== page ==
Since its inception in 2011, the organisation has impacted more than 10,000 waste pickers, meeting about 4,000 waste picker families each week.

Engaging with the families is key to ensure that their children don’t become part of the workforce, but instead, preserve their childhood.

Nalini says, “We would go to their homes and convince the parents that with better opportunities, they would not have to send their children out to do the same work. After a lot of persuading, the parents agreed, and when they saw that their livelihoods could be better, they were more optimistic about the chance at better lives for their children.”

Here’s what they do

Wet waste

According to the Solid Waste Management Rules, 2000, every household is required to segregate their waste. The workers at Hasiru Dala collect the segregated waste and bring it back to their processing units, where all that is collected, is sorted and sent out for further processing.

The waste workers in Bengaluru collect segregated waste (dry, wet and sanitary) and transport it to designated processing units—a process which brings down the amount of waste that gets sent to landfills as well.

About 1,050 tonnes of dry or recyclable waste goes to those who wish to buy and use it for various recycling industries.

The wet or organic waste is converted to compost for urban gardens and parks. Lastly, sanitary waste goes through safe and scientific incineration.

On average, Nalini shares that the workers at Hasiru Dala help the Bruhat Bengaluru Mahanagar Palike (BBMP) save almost Rs 84 crores annually. In return for their labour, the organisation has ensured that waste pickers are recognised and have a place in society. For if they stopped doing their jobs, our cities would drown under the mounds of garbage piling up everywhere.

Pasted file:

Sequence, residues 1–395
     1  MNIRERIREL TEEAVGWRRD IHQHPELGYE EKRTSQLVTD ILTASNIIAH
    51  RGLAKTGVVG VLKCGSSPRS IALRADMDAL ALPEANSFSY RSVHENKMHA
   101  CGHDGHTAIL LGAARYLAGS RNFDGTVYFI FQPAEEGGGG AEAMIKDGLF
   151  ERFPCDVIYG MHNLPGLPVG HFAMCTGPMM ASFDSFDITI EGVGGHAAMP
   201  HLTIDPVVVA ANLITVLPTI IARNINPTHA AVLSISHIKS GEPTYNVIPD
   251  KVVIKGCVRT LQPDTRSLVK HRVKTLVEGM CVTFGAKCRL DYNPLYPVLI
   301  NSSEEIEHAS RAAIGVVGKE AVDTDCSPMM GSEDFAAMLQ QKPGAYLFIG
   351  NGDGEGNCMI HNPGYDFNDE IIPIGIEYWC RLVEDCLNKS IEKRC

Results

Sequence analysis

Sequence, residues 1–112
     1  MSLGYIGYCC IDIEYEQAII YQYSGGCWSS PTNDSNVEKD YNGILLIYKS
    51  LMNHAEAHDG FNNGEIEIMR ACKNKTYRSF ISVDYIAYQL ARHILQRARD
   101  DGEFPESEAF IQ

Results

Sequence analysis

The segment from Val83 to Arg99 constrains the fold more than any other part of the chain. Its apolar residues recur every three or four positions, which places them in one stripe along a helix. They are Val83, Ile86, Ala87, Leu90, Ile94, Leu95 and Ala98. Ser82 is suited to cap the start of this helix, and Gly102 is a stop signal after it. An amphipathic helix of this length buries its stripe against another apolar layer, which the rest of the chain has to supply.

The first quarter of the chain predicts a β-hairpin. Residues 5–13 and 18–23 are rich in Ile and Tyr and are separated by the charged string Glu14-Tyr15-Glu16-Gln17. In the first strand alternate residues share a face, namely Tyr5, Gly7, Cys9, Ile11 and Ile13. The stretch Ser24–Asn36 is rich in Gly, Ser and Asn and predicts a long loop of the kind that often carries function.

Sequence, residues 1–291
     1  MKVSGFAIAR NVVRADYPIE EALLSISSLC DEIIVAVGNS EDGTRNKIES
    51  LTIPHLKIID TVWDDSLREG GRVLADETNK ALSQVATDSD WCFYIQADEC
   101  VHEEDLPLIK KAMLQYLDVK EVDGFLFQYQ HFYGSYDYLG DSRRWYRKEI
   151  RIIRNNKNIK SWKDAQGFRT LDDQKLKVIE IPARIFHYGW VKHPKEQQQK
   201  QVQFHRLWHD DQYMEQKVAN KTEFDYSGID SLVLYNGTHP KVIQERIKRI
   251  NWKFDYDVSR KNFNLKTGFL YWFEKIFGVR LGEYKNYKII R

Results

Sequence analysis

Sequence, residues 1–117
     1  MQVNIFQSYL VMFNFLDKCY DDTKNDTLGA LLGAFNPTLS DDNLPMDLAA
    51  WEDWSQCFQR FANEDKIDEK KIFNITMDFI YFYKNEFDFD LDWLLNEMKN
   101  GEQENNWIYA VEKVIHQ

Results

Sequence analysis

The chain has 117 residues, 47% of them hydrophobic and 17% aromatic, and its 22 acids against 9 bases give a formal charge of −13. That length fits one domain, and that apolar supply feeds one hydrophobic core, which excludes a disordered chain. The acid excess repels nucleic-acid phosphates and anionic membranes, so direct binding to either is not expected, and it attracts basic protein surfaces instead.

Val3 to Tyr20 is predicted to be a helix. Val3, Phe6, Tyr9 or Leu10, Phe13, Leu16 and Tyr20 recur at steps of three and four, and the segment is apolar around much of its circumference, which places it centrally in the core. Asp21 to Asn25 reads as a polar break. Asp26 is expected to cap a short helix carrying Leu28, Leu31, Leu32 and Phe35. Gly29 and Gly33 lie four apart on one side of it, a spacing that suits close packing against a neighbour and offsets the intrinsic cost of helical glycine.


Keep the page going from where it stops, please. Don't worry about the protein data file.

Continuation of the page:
How do they work with waste pickers?

After a zero-waste wedding.

Hasiru Dala endeavours to make the waste pickers self-reliant and become entrepreneurs. “The ideal situation is to have a clean world where we do not even need waste pickers. In that scenario, we must find alternates for them and make them self-reliant.”

In this regard, they produce a ‘product-compost kit’ which is hand-delivered to the customer’s house by the waste pickers.

Through a simple interaction of setting up the product and explaining its working, a new social equation is formed between the waste picker and the consumer, which helps the former in generating a livelihood.

Speaking about another initiative, Nalini says, “In collaboration with Jain University and Waste Wise Trust, we have developed a Scrap Dealer Certification programme, a one-of-its-kind training programme which has lent credibility to 7,000 waste pickers in Bengaluru for their work.” She adds that they were all issued identity cards by the state.


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With plans of expanding to tier-2 and other cities, Nalini hopes to replicate the model across the country.

For more information about the organisation and its initiatives, visit their website here.

(Edited by Shruti Singhal)